NHSreality has already commented on the parlous state of surgical training. Indeed, advice to an F2 wanting cutting experience was to go abroad! Reducing standards and opportunity in Surgical Training. Trials are important..There is a vacuum in honesty, leadership and future planning….. No fault compensation will certainly be needed if juniors do more surgery, as the litigation is high enough with consultants .. It will also increase inequalities by boosting demand for private practice.
Nurses and junior doctors should take on surgical procedures currently done by consultants, and patients should be ‘Skyped’ instead of called in for follow-up appointments, in bid to save £1.4bn, regulators say
NHS hospitals could save up to £1.4bn by using junior staff and nurses to carry out surgery now done by consultants and “Skyping” patients after surgery instead of calling them back in, regulators have said.
A report by Monitor, the watchdog for NHS foundation trusts, says as much as one fifth of the bill for planned surgery could be saved, if the health service reorganised the way services are run.
The regulator said “lower grade staff” including nurses should be increasingly employed to undertake some parts of operations which are usually performed by consultants.
It comes amid warnings that the health service is facing the worst financial crisis “in a generation” with a £1bn deficit racked up in just three months.
Such staff could carry out simple procedures, such as injectable treatments for wet age-macular degeneration or assist with others, like applying topical anaesthesia for cataract surgery, the report says.It says more trusts should follow Royal Devon and Exeter foundation Trust, where routine orthopaedic patients are followed up virtually after one face-to-face appointment post-surgery.
Monitor said such steps, combined with shorter hospital stays, could save the NHS up to 20 per cent of the bill for planned operations.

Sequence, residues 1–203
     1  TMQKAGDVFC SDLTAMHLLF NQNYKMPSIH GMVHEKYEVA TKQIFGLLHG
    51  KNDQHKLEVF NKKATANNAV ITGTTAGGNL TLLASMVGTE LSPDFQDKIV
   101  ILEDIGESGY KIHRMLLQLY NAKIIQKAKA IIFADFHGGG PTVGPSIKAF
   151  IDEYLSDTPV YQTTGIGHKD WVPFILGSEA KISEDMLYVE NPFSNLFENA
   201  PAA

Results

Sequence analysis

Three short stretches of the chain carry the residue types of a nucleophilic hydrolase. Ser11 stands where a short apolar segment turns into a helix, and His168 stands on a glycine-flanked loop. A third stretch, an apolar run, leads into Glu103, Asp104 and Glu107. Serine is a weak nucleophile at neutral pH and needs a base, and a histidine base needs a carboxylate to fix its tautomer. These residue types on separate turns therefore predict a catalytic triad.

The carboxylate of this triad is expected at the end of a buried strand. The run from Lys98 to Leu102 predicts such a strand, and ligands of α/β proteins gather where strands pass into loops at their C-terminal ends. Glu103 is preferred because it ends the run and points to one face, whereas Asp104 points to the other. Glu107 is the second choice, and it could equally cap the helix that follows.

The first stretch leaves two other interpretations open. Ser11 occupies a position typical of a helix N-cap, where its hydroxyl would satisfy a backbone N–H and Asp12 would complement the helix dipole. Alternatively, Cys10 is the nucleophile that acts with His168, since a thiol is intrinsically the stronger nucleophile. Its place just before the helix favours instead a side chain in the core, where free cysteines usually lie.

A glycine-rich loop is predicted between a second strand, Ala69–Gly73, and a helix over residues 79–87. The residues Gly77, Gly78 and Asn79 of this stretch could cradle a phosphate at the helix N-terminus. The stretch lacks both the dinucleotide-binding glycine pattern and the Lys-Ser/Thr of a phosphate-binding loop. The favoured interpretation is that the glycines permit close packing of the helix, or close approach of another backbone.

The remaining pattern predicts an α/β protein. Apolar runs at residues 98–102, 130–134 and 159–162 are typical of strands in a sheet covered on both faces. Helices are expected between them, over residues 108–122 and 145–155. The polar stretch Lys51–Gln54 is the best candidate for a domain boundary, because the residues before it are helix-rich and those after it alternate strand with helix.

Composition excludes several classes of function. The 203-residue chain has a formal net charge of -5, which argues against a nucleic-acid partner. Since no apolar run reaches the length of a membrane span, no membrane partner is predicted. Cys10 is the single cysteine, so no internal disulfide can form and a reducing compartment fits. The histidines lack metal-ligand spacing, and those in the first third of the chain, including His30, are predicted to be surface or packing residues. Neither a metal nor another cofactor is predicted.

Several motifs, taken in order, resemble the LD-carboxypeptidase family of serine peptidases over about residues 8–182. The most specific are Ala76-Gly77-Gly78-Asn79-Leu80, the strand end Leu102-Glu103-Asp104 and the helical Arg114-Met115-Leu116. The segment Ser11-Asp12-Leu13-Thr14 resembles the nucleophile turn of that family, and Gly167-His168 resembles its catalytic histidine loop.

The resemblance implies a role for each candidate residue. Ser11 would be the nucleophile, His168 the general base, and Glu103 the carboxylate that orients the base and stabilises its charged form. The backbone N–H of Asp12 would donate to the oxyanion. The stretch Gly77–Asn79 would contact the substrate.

The research compared practices in eight NHS trusts and five clinics overseas, in countries including Finland, Australia and the United States.
It found lengths of stay were commonly much shorter in other countries, with average length of stay for hip and knee replacement surgery around 30 per cent longer in the NHS sites, compared to those abroad.
The report also said the NHS could save money by learning from other countries – such as India – which run “production line” systems, but which were not part of this study.
Under the system, more than 300,000 cataract operations a year are carried out using a method, in which qualified surgeons only carry out the most complex part of the procedure, with simpler tasks given to cheaper staff.
Regulators also said that “whenever possible” follow-up appointments should be carried out using virtual methods such as Skype, instead of calling patients back in.Dr David Bennett, the watchdog’s chief executive said: “The financial challenge facing the NHS is growing and hospitals up and down the country are being asked to do more to make sure they live within their means. We are seeking to play our part by offering practical support to the clinicians, managers and frontline.
“This research identified some practical steps that could help hospitals improve clinical outcomes and reduce their elective care bills by as much as 20 per cent, money that can be reinvested in improving care for patients.”
Roger Goss, from Patient Concern, said any effort to reduce costs must not come at the expense of safety.
He said: “Sight is the thing people most fear losing. Therefore any suggestion that you let lower-paid help do the work is going to be extremely unpopular.
“Patients would feel more comfortable being treated by fully-qualified doctors, not nurses.”
The figure is more than the £820 million overspend for the entire previous year, with three in four trusts in the red.